I’ve been talking governance for a long time. In late 2006, my friend and colleague Joel Oleson—then on the SharePoint team at Microsoft—hired me to write a series of white papers about governance for Windows SharePoint Services 3.0. And I’ve been working with enterprises large and small to help them align business, IT objectives, and SharePoint capabilities ever since.
In every engagement, I drive home the message that SharePoint governance can not be defined in a vacuum—that you must develop governance in the context of the specific objectives you want to address with SharePoint, the solutions you want to deliver, and the classes of information associated with those solutions.
In short, I’ve emphasized over and over that there is no such thing as a ”governance template,” or a “best practice.” I invoked the standard consultant’s answer to any question: “It depends.”
Is it Time to Approach Governance Differently?
In recent engagements, however, I’ve begun to feel that perhaps it’s time that I change my tune. So this week, I ask you—my readers—to help me decide: is it time to admit defeat, and to define governance best practices after all?
It’s my view that governance is a definition of policies, procedures, roles and responsibilities that guide and direct business and IT to cooperate to achieve business goals. Therefore, governance in your organization is going to be very specific to your goals, and to the information management and service management policies associated with the solutions you are delivering. I’ve developed a unique and (I am told) effective set of tools to help businesses do governance right, and to get where they need to go.
The problem is, few organizations actually do it. I’ve grown downright depressed from hearing attendees at my workshops and governance round tables tell me, in short, that their business and IT audiences simply cannot or will not invest the time and energy to establish governance. I almost cried this week when one of my attendees told me something I’ve heard too many times: “Our CIO wants us to deploy SharePoint. He has no idea what he wants, but he wants it. And we have to have a governance plan in place before we begin.”
So I’m ready to admit defeat, and to succumb to the reality that many organizations simply can’t or won’t do it right. For a variety of reasons, they will either roll out SharePoint workloads with little or no thought to governance, or they will never begin to deliver business value with SharePoint because they’re being tasked with defining governance before they start.
What, then, can I do—and can we do together—to address this reality? I am really asking for your input here.
My first thought is this: to break with the “it depends” tradition and to define “shrink wrapped” SharePoint governance for specific workloads. Take team sites—typical SharePoint collaborative workloads—for example. While every business may be slightly different in the nuances of their requirements for collaboration—which would lead them to different governance plans—my guess is that at least 80% of what businesses do within the collaborative workload is identical. Why not make broad assumptions about what that 80% solution looks like, and define governance best practices around it?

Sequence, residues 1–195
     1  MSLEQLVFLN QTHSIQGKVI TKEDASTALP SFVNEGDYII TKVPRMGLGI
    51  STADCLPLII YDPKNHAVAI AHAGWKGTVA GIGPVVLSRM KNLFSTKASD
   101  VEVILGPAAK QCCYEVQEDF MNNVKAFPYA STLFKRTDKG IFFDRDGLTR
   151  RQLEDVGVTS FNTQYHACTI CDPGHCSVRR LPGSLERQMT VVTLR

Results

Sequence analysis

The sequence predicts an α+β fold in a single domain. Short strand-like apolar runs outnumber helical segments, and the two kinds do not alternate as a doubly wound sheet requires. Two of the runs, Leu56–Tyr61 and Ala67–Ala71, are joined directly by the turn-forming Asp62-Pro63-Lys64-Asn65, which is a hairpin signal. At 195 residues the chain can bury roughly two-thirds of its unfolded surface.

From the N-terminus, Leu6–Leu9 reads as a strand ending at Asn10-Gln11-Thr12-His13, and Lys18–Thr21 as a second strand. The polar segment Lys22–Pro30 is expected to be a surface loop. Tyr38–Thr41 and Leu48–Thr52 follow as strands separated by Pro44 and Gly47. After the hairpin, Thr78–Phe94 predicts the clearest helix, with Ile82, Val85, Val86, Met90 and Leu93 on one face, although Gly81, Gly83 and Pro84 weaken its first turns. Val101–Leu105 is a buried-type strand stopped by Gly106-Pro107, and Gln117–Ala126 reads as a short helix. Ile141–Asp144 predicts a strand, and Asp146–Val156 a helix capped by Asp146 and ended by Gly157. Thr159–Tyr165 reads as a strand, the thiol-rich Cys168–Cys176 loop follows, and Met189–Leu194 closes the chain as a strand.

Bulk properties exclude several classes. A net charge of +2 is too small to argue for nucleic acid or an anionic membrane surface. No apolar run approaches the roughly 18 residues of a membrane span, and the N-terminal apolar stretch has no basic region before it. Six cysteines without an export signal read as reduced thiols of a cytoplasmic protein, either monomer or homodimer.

Sure, the result may not be perfect, but it’s a start—and it seems to me “a start” is what many organizations are screaming for. And, if you stop to think about what Office 365 is, that’s what Microsoft is doing. They’re providing a collaboration service that in many regards is a subset of what you could do on premise. You have a restriction to the number of site collections you can deploy within a tenancy, and a reduced number of controls for information management and service management. That’s not a bad thing, per se. It’s just simpler. It’s canned. It’s a template service, with appropriate governance wrapped around it.
Maybe it’s time for those of us who spend lots of time thinking about governance to define specific workloads, and how to govern them, end-to-end, so that you can focus on delivering business value, and driving adoption of SharePoint. Maybe we can at least define governance for services and workloads that help customers avoid going down the wrong path and hurting themselves.
Then, perhaps, as an organization starts to see real value in both SharePoint’s capabilities and in the role of governance, the organization will take the time to learn how to do governance right… to invest the time and resources in defining end-to-end governance that really is specific to the needs of the organization.
What Can We Do to Unlock the Bottlenecks?
What do you think we can do to address the reality in many organizations that, while governance must “depend” on what you’re really doing with SharePoint, many organizations don’t know enough about SharePoint or even about their own objectives to be able to do it right? What can those of us with voices in the governance space do to help unblock the bottlenecks and remove the obstacles that prevent an organization from investing the time and resources to governance?
I look forward to your thoughts and comments!